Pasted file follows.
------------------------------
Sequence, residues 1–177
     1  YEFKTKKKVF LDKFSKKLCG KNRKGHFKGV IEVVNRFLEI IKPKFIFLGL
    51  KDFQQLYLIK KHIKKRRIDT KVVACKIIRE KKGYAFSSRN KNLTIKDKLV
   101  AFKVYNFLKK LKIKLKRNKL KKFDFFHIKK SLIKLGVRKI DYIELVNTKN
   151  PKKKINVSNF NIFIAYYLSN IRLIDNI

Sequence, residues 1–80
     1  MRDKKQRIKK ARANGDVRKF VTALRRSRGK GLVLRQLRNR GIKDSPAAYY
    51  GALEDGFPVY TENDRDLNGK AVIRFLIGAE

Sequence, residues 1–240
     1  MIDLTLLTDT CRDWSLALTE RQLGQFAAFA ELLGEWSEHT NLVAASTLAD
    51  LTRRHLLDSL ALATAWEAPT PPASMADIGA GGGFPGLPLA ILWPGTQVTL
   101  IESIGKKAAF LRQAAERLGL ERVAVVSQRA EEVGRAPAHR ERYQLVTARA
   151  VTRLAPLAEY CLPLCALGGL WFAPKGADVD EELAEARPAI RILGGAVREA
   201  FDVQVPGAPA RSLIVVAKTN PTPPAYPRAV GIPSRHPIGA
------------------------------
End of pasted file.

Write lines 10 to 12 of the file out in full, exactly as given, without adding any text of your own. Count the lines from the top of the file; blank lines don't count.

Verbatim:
     1  MIDLTLLTDT CRDWSLALTE RQLGQFAAFA ELLGEWSEHT NLVAASTLAD
    51  LTRRHLLDSL ALATAWEAPT PPASMADIGA GGGFPGLPLA ILWPGTQVTL
   101  IESIGKKAAF LRQAAERLGL ERVAVVSQRA EEVGRAPAHR ERYQLVTARA